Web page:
Finally, I decided to do some research of my own. I’m a dietitian, so I wanted to see what the American Dietetic Association had to say about vegan diets. I already knew that a person can be healthy without eating meat, but I was very surprised to see the ADA’s position paper on vegetarian diets say that vegan diets are healthy for any stage of life, whether old or young, infant, pregnant, or lactating!

I could no longer use the argument that we had nutritional requirements for meat, eggs, or dairy. Even the ADA, which heavily promotes dairy products, agrees we don’t actually need them.

Animal Suffering

I did some internet research, and found out that the horrendous abuses of animals in factory farms are not isolated incidents, but actually are standard practices. For example, in the dairy industry, cows are treated like machines instead of living creatures. They are artificially inseminated each year, and their babies are taken from them within 24 hours of birth. The mother cow mourns the loss of her young. If the calf is male, he goes into a tiny veal crate, in the dark, where he is unable to move and is fed an iron deficient diet which makes him anemic, so that his meat will be white and tender. I had no idea that drinking milk supports the veal industry.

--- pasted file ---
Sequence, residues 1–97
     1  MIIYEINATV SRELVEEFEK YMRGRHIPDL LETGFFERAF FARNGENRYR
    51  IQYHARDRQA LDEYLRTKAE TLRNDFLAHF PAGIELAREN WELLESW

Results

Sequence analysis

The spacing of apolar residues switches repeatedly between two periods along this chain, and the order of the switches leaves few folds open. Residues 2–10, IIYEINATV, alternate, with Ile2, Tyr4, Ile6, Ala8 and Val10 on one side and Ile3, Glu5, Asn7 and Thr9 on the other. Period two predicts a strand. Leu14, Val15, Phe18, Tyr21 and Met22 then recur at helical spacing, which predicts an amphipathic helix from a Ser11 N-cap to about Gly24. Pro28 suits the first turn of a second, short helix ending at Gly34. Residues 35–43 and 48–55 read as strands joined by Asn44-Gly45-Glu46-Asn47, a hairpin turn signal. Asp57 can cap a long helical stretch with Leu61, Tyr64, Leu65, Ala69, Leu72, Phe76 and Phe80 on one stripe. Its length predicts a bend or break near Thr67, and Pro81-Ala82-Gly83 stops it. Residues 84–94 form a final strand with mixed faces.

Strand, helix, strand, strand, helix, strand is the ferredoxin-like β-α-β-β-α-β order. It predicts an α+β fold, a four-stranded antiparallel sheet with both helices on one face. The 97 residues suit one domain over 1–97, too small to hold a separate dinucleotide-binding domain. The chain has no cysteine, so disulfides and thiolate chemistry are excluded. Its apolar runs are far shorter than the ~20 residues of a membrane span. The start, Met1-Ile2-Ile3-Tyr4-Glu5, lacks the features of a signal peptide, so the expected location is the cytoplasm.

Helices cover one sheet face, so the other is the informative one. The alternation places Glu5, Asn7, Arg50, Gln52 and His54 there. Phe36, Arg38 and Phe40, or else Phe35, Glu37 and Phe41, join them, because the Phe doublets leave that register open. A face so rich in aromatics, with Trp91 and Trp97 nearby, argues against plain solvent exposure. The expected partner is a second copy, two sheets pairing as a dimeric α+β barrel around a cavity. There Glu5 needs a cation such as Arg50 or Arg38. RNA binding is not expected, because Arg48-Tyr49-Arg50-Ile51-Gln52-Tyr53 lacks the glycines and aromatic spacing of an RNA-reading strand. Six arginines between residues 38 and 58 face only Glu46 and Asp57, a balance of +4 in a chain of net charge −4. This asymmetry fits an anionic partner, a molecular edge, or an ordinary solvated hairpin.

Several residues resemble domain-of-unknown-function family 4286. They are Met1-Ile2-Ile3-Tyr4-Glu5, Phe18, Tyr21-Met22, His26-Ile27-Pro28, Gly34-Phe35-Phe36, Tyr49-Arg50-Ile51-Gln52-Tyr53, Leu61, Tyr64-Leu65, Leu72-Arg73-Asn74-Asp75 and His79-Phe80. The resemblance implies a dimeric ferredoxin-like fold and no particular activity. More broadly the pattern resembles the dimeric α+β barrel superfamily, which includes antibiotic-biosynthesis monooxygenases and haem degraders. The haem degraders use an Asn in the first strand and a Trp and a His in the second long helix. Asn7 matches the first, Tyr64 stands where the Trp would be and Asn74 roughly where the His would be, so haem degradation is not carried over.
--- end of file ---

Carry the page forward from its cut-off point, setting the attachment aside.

My Response

After learning about the cruelty, I decided I could not support these practices, and I adopted a vegan diet. I found some great substitutes for ice cream, cheeses, and meats, plus there are many awesome vegan cookbooks and websites. I learned that being vegan can be easy and taste great!

But it wasn’t enough for me to just give up animal products. I wanted to share with people this important information about where our food comes from. I discovered an animal rights group that wasn't very active in my area, and I really liked the work that they do. I decided that I wanted to be the regional coordinator, so that I could bring some awareness of these issues to my neck of the woods. And that's how it all began.